Illegal growing continues

It’s likely that illegal cannabis cultivation is going to continue, DiBasilio said, citing the increase in indoor cultivation and a recent investigation that resulted in federal Department of Justice staff seizing nine homes in Calaveras County.

DiBasilio showed several aerial photos of illegal grows in Calaveras County, including some hilltop grows with illegal grading. He listed what he described as environmental crimes found at illegal grows and he showed photos to illustrate.

“They’re digging holes, burying garbage, making illegal water diversions, making dams out of stream beds, raw sewage, illegal grading,” DiBasilio said. “These are some pretty big grows up on hilltops. As you can see by the burned trees around them, we know what area these are in, up around the Butte area.”

DiBasilio said “transnational organized crime” and “Chinese nationals” were responsible for some of the recent illegal indoor grows discovered and eradicated in Calaveras County.

The sheriff also said some registered and non-registered growers in Calaveras County have out-of-state addresses that span the globe, from Iceland and continental Europe to Alaska, Hawaii and Asia.

‘Nowhere near Calaveras County’

DiBasilio used a global map to show where some out-of-staters allegedly growing marijuana in Calaveras County come from.

“You can see the reaching here, you’ve got Iceland, up in Alaska, the Hawaiian Islands, obviously throughout the United States, down into Mexico, and clean over into Europe,” DiBasilio said.

The sheriff pointed at a spot in Central Asia and said, “I’m not exactly sure where this one way over on the right is, but it’s nowhere near the United States, or Calaveras County.”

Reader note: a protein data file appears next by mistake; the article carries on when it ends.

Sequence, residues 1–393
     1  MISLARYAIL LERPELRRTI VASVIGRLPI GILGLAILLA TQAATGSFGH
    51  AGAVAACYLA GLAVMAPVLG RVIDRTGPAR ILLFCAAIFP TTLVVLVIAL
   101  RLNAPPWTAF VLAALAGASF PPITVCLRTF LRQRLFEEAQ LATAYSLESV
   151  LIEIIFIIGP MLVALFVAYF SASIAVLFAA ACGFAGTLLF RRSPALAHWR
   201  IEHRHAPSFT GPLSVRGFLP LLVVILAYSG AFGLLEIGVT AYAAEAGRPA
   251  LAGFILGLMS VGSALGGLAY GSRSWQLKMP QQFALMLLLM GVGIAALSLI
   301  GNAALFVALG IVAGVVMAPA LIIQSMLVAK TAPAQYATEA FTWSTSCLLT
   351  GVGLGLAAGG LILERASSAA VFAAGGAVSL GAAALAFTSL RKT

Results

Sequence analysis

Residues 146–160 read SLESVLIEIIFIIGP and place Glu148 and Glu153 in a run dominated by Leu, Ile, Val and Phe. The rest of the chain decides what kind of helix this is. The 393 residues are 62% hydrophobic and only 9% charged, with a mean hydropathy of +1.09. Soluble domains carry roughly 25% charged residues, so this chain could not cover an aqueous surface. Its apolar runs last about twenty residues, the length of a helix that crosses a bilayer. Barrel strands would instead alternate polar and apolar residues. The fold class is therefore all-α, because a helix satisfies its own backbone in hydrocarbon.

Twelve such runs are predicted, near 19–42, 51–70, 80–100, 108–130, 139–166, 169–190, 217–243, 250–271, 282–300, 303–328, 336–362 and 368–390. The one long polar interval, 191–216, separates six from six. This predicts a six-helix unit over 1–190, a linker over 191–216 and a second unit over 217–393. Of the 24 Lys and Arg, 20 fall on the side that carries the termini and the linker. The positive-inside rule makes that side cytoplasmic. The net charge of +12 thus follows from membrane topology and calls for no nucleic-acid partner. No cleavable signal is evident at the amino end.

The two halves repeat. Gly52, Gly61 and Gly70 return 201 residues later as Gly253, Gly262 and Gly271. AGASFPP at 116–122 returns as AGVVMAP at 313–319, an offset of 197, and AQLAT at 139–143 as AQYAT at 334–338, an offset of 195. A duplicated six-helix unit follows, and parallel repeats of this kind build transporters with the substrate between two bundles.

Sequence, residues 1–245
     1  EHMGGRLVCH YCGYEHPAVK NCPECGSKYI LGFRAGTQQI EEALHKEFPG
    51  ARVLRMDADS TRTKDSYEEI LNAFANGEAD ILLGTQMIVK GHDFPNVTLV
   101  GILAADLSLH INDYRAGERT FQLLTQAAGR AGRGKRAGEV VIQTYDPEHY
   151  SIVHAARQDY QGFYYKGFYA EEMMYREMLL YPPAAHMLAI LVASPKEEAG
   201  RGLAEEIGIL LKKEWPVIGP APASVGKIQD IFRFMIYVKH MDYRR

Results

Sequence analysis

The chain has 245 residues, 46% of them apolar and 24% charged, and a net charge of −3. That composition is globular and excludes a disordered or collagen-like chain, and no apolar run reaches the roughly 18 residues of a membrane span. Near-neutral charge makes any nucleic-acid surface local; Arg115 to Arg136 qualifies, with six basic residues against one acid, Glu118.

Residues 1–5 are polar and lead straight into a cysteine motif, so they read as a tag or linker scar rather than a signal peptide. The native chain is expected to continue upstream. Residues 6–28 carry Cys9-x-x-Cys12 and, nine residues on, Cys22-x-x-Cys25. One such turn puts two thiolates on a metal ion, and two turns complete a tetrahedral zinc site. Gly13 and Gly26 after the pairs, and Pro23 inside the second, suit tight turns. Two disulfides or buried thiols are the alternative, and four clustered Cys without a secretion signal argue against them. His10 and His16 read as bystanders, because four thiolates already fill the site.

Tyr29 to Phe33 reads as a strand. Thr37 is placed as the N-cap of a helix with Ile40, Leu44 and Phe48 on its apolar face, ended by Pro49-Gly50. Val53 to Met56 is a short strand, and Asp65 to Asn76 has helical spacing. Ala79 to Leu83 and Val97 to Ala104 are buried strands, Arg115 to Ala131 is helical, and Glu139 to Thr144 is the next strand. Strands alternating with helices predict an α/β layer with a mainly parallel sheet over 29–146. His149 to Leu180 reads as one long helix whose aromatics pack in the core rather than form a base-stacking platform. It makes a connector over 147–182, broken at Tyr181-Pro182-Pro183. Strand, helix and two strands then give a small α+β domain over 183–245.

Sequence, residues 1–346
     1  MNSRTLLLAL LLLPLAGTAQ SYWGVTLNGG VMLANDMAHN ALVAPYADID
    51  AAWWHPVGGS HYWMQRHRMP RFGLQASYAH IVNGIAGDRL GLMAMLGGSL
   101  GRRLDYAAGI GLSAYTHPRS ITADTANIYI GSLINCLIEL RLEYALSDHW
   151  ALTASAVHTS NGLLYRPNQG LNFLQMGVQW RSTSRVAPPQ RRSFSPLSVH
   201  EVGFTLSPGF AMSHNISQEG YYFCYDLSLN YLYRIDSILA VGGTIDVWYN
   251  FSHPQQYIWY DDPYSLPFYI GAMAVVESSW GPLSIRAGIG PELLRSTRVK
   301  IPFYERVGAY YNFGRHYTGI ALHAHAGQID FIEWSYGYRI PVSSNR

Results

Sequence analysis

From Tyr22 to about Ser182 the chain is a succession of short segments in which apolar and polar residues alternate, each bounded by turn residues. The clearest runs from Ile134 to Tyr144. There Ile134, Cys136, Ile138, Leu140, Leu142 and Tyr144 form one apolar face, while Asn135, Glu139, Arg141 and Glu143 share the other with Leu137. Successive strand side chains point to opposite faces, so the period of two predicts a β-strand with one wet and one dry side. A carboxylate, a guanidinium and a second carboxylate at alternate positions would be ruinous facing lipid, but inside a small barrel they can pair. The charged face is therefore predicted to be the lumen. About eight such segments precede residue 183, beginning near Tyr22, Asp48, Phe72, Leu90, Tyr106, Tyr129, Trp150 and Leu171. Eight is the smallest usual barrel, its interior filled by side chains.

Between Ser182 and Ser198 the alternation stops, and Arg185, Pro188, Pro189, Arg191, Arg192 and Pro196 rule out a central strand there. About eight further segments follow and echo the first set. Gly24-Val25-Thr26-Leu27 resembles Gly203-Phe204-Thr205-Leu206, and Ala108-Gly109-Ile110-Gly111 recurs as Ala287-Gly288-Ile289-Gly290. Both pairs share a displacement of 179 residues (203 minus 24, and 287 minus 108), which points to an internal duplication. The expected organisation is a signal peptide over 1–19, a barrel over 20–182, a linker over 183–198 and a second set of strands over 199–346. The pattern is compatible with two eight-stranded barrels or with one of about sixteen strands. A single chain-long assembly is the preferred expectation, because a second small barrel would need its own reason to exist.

DiBasilio’s input was part of a presentation by several county departments on illegal cannabis grow eradication and abatement activities in 2017, and the proposed enforcement program and structure for 2018-19.

Hoping to do more with less

Sabrina Cable, a newly promoted senior code enforcement officer with Calaveras County, said she and other staff handled 228 unregistered grower citations last year with 5.25 full-time staff. This year, the goal is 300 citations but there will only be two full-time staff.

Tim Lutz, county administrator questioned how they could do more with less.

“We’ve found a lot of growers are moving indoors,” Cable said. “It will be a lot of work but I think it’s attainable.”

The eradication and enforcement update followed a presentation on county roads and lack of funding to repair roads damaged and still unrepaired from the devastating 2015 Butte Fire, as well as near-record runoff and erosion damage incurred during 2016-17 winter storms.

When the board split on the ban vote in January, Dennis Mills, District 4, Clyde Clapp, District 5, and Gary Tofanelli, District 1, voted for the ban. Jack Garamendi, District 2, and Mike Oliveira, District 3, opposed it.

Contact Guy McCarthy at gmccarthy@uniondemocrat.com or 588-4585. Follow him on Twitter at @GuyMcCarthy.